Troop Fortification

BARRIERS SUIT BAGHDAD’S AIRMEN TO A At Baghdad International Airport’s Victory Base Complex (VBC) in Iraq, a simple concrete slab can make the difference


At Baghdad International Airport’s Victory Base Complex (VBC) in Iraq, a simple concrete slab can make the difference between life and death. Serving as a constant reminder of insurgent hostilities in the vicinity are ubiquitous concrete walls.

The barriers, more than 12 inches thick, are reinforced with rebar to block exploding rocket fragments. Two types, both 12 feet high, are used in the area: the 6-ft.-wide Alaskan barrier weighs approximately eight tons; and, the five-ton ÎTÌ barrier measures four and a half feet wide. The cost varies between $580 and $700 each.

Heavy Equipment team supervisor for the 447th Expeditionary Civil Engineer Squadron, Master Sgt. Randy Walls of Charleston, W.V., emphasizes that the walls don’t erect themselves. Since mid-May, he reports, a 12-man team has placed nearly 1,000 ÎTÌ barriers on Sather Air Base. We’ve put these walls up in Ops town, the fuel yard, and in the new trailer area, says Sergeant Walls, and more jobs are waiting.

Presently, to fortify the area of Detachment 3, 732nd Expeditionary Security Forces Squadron, the team is erecting 496 barriers. That number is only a fraction of the total 3,000 barriers the Dirt Boys plan to stand up during their rotation, notes First Lt. Stephen Bucy, 447th ECES Operations Flight chief. These barriers are necessary, the lieutenant asserts, because they are the first layer of defense from incoming mortars and rockets.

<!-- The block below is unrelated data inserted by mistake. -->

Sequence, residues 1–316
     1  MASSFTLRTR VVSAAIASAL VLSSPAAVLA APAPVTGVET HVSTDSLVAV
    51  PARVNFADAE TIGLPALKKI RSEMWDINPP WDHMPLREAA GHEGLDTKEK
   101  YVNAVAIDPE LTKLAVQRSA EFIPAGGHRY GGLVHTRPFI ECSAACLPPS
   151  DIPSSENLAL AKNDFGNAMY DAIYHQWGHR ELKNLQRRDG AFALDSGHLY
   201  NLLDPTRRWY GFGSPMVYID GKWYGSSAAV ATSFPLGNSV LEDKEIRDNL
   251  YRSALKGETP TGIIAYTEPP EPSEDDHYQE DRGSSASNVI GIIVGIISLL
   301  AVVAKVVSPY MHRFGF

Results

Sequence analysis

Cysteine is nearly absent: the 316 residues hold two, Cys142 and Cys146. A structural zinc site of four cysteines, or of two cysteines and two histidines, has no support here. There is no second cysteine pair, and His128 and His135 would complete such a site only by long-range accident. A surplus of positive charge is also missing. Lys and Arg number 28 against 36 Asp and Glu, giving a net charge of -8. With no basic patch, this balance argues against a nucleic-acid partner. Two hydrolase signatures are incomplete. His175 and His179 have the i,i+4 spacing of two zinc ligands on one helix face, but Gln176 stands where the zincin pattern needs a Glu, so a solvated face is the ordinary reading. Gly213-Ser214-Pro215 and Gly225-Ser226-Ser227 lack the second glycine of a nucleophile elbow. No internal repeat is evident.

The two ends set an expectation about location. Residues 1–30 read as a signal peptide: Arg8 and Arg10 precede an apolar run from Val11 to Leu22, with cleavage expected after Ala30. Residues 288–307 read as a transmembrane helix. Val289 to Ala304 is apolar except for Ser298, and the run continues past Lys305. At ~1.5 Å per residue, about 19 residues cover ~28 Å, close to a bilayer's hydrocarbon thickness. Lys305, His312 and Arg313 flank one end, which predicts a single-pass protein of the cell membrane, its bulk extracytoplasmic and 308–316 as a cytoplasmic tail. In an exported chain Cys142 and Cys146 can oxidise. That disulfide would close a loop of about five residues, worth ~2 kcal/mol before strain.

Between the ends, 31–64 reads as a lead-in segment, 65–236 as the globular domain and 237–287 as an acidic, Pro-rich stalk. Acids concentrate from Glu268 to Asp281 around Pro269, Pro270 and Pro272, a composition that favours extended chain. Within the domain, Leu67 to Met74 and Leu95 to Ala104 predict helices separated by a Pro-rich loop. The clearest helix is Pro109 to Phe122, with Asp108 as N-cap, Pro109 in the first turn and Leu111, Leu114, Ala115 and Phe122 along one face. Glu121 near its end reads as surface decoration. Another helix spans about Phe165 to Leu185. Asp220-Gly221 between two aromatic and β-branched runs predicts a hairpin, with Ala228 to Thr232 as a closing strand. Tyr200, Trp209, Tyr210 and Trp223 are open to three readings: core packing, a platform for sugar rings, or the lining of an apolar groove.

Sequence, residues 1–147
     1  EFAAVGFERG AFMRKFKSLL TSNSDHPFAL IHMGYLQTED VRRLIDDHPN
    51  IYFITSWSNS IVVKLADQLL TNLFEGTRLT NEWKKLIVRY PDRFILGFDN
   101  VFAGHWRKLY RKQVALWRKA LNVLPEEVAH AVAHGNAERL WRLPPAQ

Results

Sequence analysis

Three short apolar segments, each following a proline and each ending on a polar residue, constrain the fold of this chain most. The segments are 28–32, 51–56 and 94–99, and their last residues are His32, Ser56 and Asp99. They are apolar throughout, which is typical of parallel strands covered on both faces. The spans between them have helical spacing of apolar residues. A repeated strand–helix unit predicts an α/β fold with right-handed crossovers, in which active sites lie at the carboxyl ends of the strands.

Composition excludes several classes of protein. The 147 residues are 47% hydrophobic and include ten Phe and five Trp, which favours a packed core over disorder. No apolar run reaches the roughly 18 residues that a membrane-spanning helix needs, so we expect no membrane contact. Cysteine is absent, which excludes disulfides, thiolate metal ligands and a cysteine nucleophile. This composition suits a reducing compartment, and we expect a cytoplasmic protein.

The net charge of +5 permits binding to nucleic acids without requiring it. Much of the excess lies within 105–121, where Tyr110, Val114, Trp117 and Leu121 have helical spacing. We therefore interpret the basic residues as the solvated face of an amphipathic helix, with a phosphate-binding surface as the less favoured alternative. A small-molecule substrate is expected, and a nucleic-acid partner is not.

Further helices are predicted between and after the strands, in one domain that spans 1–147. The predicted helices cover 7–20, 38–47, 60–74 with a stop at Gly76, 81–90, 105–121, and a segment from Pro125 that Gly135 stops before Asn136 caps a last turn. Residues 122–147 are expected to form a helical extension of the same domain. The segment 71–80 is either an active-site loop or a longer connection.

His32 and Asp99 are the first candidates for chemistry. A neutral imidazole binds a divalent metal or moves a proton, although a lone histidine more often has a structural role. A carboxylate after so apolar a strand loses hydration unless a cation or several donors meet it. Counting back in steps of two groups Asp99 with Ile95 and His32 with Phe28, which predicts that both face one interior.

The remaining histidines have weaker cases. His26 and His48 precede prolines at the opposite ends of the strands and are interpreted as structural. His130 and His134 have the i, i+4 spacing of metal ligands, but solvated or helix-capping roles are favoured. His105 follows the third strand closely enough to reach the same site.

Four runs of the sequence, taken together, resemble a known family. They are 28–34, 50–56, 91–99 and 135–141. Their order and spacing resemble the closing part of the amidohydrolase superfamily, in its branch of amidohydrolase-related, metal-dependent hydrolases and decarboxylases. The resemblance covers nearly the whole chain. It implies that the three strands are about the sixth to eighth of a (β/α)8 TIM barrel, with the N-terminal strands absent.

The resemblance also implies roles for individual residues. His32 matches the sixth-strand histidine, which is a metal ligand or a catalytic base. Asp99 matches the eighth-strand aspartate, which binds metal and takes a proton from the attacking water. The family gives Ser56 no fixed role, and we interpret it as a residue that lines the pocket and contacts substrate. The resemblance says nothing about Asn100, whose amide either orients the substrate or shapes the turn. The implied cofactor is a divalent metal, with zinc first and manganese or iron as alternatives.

ÎTÌ barriers are produced within the VBC at multiple concrete plants. While fabricating the barriers isn’t difficult, contends Ted McAuslan, spokesman for Sigma Group International plant, limitations do exist with respect to the number of molds and curing time.

Acquiring the number of members needed isn’t easy, observes Lieutenant Bucy. The Heavy Equipment team is making ÎTÌ barriers a priority over all jobs, he explains, and this means the barriers are in high demand. Highlighting the barriers’ essential function, he continues, Bunkers are nice, but most of the time we get no notice before attacks and no time to run to a bunker. In Baghdad, reports indicate, attacks typically are more like harassment: they average between three to five rockets launched simultaneously and last no more than a few seconds. Consequently, leadership intends to fortify work areas with the ÎTÌ barrier.

Our guys understand the reality of the situation, says Lieutenant Bucy, so they’re rushing to put up barriers as fast as they can. Yet, no small amount of effort is required to place the five-ton components. Though a crane does most of the lifting, a couple of spotters on the ground must handle the barriers, directing them into position.

You can push your guts out trying to maneuver these things, says Tech. Sgt. Scott Hamrick, 447th ECES pavement specialist. They interlock like a puzzle. Putting them together requires constant physical effort. Moreover, adds Sergeant Walls, erecting the barriers involves a necessary risk. One gust of wind can swing a crane-suspended barrier against the side of a building, crushing the spotter.

According to Lt. Col. Michael Nester, 447th ECES commander, the Defense Department has requested production of more than 200,000 barriers this year due to the surge in violent attacks. VBC and all its venders have the capacity to make about 10,000 per month, he notes. Although Sather will only use a small fraction of that, the Dirt Boys have invested the majority of their time to stand them up Û a testament to their dedication to other Airmen and Iraq, affirms Sgt. Hamrick.